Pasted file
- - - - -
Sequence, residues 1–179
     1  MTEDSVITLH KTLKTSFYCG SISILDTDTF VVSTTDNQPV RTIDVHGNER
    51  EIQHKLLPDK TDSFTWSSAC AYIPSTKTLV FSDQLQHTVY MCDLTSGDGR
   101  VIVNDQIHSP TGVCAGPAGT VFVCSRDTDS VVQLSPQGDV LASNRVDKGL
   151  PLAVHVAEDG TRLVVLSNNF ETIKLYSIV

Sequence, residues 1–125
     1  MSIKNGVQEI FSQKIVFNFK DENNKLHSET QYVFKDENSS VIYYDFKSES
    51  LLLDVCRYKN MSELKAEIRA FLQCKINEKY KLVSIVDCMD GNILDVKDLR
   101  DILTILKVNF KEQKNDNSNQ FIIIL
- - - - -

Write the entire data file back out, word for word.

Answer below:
Sequence, residues 1–179
     1  MTEDSVITLH KTLKTSFYCG SISILDTDTF VVSTTDNQPV RTIDVHGNER
    51  EIQHKLLPDK TDSFTWSSAC AYIPSTKTLV FSDQLQHTVY MCDLTSGDGR
   101  VIVNDQIHSP TGVCAGPAGT VFVCSRDTDS VVQLSPQGDV LASNRVDKGL
   151  PLAVHVAEDG TRLVVLSNNF ETIKLYSIV

Sequence, residues 1–125
     1  MSIKNGVQEI FSQKIVFNFK DENNKLHSET QYVFKDENSS VIYYDFKSES
    51  LLLDVCRYKN MSELKAEIRA FLQCKINEKY KLVSIVDCMD GNILDVKDLR
   101  DILTILKVNF KEQKNDNSNQ FIIIL